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Generative AI with Ubuntu on AWS. Part II: Text generation

In our previous post, we discussed how to generate Images using Stable Diffusion on AWS. In this post, we will guide you through running LLMs for text generation in your own environment with a GPU-based instance in simple steps, empowering you to create your own solutions.

Text generation, a trending focus in generative AI, facilitates a broad spectrum of language tasks beyond simple question answering. These tasks include content extraction, summary generation, sentiment analysis, text enhancement (including spelling and grammar correction), code generation, and the creation of intelligent applications like chatbots and assistants.

In this tutorial, we will demonstrate how to deploy two prominent large language models (LLM) on a GPU-based EC2 instance on AWS (G4dn) using Ollama, an open source tool for downloading, managing, and serving LLM models. Before getting started, ensure you have completed our technical guide for installing NVIDIA drivers with CUDA on a G4DN instance.

We will utilize Llama2 and Mistral, both strong contenders in the LLM space with open source licenses suitable for this demo.

While we won’t explore the technical details of these models, it is worth noting that Mistral has shown impressive results despite its relatively small size (7 billion parameters fitting into an 8GB VRAM GPU). Conversely, Llama2 provides a range of models for various tasks, all available under open source licenses, making it well-suited for this tutorial. 

To experiment with question-answer models similar to ChatGPT, we will utilize the fine-tuned versions optimized for chat or instruction (Mistral-instruct and Llama2-chat), as the base models are primarily designed for text completion.

Let’s get started!

Step 1: Installing Ollama

To begin, open an SSH session to your G4DN server and verify the presence of NVIDIA drivers and CUDA by running:


Keep in mind that you need to have the SSH port open, the key-pair created or assigned to the machine during creation, the external IP of the machine, and software like ssh for Linux or PuTTY for Windows to connect to the server.

If the drivers are not installed, refer to our technical guide on installing NVIDIA drivers with CUDA on a G4DN instance.

Once you have confirmed the GPU drivers and CUDA are set up, proceed to install Ollama. You can opt for a quick installation using their binary, or choose to clone the repository for a manual installation.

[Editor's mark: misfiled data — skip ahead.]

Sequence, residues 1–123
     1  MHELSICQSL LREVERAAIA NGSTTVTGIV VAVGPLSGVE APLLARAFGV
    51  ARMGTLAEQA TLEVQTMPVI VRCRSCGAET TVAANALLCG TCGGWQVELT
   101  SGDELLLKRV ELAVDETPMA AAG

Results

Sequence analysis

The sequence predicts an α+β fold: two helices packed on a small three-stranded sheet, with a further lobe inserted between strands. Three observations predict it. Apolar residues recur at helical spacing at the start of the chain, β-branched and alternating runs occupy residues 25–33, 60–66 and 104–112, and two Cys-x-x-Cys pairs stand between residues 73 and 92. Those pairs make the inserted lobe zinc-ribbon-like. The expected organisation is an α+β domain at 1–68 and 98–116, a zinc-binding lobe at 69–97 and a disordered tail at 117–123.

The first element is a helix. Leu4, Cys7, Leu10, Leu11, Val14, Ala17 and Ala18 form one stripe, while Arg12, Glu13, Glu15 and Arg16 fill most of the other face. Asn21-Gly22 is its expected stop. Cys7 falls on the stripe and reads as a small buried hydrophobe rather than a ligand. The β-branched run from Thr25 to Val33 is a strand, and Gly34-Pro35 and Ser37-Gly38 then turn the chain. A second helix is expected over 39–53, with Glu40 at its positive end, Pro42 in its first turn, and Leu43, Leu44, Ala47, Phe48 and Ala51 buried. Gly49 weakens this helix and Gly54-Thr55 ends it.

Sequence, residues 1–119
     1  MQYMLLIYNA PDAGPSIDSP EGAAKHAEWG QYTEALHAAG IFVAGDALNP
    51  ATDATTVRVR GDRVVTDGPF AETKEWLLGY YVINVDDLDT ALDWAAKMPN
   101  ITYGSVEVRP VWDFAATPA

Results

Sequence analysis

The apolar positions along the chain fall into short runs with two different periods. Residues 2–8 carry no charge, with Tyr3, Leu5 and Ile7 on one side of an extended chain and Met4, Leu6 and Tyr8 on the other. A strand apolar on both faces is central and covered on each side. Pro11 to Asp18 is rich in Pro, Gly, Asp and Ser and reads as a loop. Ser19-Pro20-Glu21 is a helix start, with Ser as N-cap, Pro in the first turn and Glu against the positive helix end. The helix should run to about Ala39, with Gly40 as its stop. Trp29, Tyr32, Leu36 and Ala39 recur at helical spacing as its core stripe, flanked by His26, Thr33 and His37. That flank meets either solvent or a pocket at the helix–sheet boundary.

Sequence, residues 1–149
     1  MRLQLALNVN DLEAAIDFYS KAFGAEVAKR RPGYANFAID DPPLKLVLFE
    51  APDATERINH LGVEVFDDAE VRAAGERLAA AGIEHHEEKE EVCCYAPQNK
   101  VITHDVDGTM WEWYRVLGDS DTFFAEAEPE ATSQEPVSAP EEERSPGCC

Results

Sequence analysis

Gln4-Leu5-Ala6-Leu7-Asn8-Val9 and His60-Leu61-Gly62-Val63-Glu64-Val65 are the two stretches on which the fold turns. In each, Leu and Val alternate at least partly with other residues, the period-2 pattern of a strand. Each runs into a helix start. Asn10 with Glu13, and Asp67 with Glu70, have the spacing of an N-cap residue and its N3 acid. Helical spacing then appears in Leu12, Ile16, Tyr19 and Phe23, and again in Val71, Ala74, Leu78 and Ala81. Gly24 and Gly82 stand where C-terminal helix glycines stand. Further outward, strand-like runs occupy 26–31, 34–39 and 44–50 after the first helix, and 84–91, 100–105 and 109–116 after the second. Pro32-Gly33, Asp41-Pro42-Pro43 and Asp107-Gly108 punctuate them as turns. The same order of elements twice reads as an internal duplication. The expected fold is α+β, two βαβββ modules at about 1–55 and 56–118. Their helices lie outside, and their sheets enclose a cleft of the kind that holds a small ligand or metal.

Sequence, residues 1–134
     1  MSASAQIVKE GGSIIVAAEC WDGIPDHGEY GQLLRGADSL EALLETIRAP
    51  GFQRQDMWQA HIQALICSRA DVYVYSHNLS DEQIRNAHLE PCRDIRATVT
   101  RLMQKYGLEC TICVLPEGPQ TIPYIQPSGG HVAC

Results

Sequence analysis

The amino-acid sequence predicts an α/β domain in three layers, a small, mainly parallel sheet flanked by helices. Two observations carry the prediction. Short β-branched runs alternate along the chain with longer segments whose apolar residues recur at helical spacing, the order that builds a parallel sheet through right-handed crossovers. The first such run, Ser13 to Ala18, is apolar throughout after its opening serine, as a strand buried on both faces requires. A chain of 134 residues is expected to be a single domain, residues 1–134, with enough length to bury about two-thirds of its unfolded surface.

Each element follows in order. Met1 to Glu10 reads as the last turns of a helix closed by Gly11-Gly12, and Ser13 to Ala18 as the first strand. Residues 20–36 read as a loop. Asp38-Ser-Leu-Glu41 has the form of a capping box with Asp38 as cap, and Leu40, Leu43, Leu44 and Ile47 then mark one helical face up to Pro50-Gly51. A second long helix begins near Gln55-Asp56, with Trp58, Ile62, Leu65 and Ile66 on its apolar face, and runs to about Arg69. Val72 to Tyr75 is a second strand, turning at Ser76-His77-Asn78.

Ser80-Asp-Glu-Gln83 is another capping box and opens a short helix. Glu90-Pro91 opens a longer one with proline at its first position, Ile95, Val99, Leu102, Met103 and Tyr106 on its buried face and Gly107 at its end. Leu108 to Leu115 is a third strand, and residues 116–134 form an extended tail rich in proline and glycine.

To install Ollama quickly, run the following command

curl -fsSL | sh

Step 2: Running LLMs on Ollama

Let’s start with Mistral models and view the results by running:

ollama run mistral

This instruction will download the Mistral model (4.1GB) and serve it, providing a prompt for immediate interaction with the model.

Not a bad response for a prompt written in Spanish!. Now let’s experiment with a prompt to write code:

Impressive indeed. The response is not only generated rapidly, but the code also runs flawlessly, with basic error handling and explanations. (Here’s a pro tip: consider asking for code comments, docstrings, and even test functions to be incorporated into the code). 

Exit with the /bye command.

Now, let’s enter the same prompt with Llama2.

We can see that there are immediate, notable differences. This may be due to the training data it has encountered, as it defaulted to a playful and informal chat-style response. 

Let’s try Llama2 using the same code prompt from above:

The results of this prompt are quite interesting. Following four separate tests, it was clear that the generated responses had not only broken code but also inconsistencies within the responses themselves. It appears that writing code is not one of the out-of-the-box capabilities of Llama2 in this variant (7b parameters, although there are also versions specialized in code like Code-Llama2), but results may vary.

Let’s run a final test with Code-Llama, a Llama model fine-tuned to create and explain code:

We will use the same prompt from above to write the code:

This time, the response is improved, with the code functioning properly and a satisfactory explanation provided.

You now have the option to either continue exploring directly through this interface or start developing apps using the API.